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Most of us feel that auditors should indeed be worried now. After all, none seem to have been raising any alarms over the extent of bad loans accumulated by major financial institutions, or over risks that banks exposed themselves to through entering into derivatives contracts they claimed they understood but did not. And now many hold auditors at least partially responsible for the ensuing debacle.

For some audit firms, the time of reckoning seems to be approaching fast. However the degree of their concern over legal action will depend on where the firms are operating, and global or US-based firms are at greatest risk of coming under close scrutiny in the courts of law.

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Much has been said over the past few months about the responsibility of regulators in the current global financial crisis. I’ve written about it myself back in September suggesting that they are yet to acknowledge their role and their own failings.

Three months on, it still seems that the regulators are either in denial, or suffering from a debilitating shock of their own past incompetence, as we are still not seeing much positive change from them. Even with the current obvious trend for greater regulation promoted on the government level, there is no clear evidence of regulators stepping up their game.

What do I mean by that, I hear you say? Well, there are two aspects to this. The first one is about acknowledging regulators’ failure to prevent the financial crisis – and in this, I am going to specifically focus on auditors in this post. The second aspect is about regulators changing their attitudes immediately, not at some point in the future. That would be the subject of another post.   Read the rest of this entry »

The UK Government has now unveiled the plans for a £37bn bailout for key British banks, as the BBC reports today.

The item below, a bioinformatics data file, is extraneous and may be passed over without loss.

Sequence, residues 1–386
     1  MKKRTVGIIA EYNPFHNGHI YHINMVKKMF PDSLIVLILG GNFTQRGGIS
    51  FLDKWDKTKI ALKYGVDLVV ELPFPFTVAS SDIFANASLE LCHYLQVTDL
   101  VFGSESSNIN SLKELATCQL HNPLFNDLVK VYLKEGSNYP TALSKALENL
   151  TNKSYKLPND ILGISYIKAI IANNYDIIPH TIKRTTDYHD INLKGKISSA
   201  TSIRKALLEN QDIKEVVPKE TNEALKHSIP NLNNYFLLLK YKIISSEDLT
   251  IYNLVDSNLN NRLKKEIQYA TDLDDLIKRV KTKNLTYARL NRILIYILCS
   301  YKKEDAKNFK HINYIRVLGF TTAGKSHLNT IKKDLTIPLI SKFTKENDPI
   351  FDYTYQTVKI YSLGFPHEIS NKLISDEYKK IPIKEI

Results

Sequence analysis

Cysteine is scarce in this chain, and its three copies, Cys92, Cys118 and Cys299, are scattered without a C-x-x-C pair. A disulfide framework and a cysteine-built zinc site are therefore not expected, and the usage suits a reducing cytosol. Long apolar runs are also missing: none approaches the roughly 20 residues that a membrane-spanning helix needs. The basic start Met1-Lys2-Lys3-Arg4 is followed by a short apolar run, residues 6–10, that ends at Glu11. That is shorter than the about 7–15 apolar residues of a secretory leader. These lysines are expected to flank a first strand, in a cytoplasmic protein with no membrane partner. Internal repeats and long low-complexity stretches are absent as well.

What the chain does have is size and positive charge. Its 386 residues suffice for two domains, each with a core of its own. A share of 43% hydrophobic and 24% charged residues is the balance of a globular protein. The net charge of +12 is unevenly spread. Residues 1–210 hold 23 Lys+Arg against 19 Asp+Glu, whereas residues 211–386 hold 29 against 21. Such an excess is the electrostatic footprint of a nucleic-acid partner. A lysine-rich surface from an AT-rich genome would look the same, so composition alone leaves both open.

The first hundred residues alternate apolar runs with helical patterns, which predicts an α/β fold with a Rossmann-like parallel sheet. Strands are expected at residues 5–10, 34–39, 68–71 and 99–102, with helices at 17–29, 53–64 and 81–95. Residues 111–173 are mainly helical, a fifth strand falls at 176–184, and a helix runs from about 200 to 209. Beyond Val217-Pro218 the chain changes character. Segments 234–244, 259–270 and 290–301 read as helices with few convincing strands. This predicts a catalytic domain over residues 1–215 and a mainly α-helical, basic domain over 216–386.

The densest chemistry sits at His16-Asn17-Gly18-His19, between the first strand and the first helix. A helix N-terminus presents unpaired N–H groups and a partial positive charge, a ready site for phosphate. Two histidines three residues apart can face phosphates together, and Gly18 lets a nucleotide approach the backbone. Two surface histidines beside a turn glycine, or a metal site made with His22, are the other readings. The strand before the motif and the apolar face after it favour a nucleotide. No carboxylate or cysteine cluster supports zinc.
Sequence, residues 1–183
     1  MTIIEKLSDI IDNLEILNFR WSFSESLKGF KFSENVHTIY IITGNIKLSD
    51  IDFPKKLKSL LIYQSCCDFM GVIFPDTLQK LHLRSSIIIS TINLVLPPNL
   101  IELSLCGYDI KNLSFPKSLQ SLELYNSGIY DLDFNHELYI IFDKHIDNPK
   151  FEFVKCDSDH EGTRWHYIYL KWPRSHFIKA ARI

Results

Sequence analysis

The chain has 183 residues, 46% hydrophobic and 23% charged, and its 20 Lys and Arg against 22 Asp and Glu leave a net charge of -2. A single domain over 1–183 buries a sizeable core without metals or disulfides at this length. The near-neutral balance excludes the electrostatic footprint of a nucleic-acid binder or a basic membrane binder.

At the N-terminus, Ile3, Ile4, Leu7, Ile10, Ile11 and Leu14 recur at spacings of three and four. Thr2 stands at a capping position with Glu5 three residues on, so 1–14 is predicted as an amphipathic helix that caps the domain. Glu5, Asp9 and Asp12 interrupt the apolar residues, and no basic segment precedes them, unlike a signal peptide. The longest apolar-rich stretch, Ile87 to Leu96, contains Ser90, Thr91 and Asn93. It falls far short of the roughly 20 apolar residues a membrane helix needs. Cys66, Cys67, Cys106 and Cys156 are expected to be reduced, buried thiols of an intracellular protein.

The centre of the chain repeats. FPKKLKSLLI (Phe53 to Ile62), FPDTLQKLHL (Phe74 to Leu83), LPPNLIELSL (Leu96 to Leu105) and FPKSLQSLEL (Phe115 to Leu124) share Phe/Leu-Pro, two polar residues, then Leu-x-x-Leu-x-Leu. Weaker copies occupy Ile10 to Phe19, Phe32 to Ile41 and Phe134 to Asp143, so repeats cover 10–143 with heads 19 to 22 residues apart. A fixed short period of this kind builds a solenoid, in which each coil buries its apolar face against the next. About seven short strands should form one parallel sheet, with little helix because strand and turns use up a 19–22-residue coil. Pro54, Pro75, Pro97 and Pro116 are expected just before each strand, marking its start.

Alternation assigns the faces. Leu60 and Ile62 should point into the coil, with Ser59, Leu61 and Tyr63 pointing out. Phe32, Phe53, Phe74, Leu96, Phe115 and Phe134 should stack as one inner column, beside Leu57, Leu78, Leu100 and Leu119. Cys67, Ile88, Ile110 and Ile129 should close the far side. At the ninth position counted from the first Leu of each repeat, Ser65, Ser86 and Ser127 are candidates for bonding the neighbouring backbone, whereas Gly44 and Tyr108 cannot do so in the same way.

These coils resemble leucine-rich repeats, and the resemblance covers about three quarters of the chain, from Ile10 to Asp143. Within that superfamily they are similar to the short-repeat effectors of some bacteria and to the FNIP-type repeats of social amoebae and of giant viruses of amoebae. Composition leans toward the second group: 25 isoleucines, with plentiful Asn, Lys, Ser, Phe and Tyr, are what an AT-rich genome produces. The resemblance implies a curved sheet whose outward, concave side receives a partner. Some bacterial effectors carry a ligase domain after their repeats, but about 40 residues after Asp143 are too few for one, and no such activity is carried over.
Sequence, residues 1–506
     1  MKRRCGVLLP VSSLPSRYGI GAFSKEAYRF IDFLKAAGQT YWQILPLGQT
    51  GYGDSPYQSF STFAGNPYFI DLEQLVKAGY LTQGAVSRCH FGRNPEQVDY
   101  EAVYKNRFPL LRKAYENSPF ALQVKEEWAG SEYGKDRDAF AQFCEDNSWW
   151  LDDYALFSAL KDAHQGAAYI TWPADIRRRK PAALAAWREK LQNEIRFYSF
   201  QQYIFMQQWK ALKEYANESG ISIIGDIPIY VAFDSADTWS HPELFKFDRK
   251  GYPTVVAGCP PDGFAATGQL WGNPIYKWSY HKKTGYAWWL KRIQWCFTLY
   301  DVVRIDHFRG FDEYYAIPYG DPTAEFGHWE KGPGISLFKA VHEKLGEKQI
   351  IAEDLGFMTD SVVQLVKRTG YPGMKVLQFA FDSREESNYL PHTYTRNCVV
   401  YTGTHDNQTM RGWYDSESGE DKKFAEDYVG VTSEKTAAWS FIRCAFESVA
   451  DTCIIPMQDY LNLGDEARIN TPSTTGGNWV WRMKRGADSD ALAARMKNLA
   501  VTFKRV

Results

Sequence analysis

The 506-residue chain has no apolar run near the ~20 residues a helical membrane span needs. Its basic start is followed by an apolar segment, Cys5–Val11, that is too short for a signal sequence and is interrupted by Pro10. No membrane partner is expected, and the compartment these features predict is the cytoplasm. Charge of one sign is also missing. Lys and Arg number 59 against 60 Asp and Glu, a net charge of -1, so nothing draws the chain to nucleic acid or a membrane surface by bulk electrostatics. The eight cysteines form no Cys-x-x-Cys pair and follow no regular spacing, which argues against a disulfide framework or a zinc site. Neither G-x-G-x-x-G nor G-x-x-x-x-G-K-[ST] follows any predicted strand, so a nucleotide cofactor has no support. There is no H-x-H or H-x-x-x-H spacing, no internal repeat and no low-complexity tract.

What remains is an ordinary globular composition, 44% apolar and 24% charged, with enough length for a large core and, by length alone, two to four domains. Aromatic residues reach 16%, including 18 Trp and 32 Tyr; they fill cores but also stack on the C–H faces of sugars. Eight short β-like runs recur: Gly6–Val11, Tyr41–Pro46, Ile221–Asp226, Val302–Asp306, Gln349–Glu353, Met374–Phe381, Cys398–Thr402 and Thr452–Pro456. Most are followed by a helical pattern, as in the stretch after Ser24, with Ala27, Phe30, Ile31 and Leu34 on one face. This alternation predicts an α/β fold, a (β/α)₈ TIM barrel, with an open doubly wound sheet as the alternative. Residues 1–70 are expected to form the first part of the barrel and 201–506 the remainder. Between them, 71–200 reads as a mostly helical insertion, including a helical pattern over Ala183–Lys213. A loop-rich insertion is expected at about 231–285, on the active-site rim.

Terms of the UK Bailout: The key features is that the Royal Bank of Scotland (RBS), Lloyds and HBOS will get cash injections of £20bn for RBS and £17bn between the two latter banks. This money will be used to recapitalise these banks, ie strengthen their reserves in order to withstand financial turmoil and market volatility we are facing at present. However in return the Government is effectively part-nationalising these three banks by taking a large or controlling share in them as these banks sell its shares to the Government in exchange for money.

The objective of part-nationalisation, apart from taking more control in the banks’s affairs now, is to also get income back to the Government and the UK taxpayer once the banking system does recover and shares go up in value.

Banks management changing: On the strength of this effective humiliation, the heads of RBS (Fred Goodwin and Tom McKillop) and HBOS (Andy Hornby and Lord Dennis Stevenson) are resigning, stepping down, or retiring. The UK Government is keen to see proven people with strong and relevant industry experience step into their shoes.

Banking bonuses curbed: One of the conditions of the UK Bailout is that there will be no bonuses to senior executives this year, and a move towards paying bonuses in shares not in cash in future years. However these restrictions do not impact those banks that are not part of today’s headline £37bn bailout proposal.

Barclays route: Barclays has opted to raise the money it needs without Government’s help. It needs £6.5bn. It seems that one of the reasons Barclays is trying to make it on its own, apart from avoiding the humiliation of the bailout, is that it will remain free to set banking bonuses as it sees fit.

US v UK Bailout compared: There are some distinctions between the US and the UK Bailout proposals. Some are driven by the fact the two banking systems have different features – for instance, in the US there are many more banks in existence making individual targeted action possibly more difficult to achieve. Read the rest of this entry »

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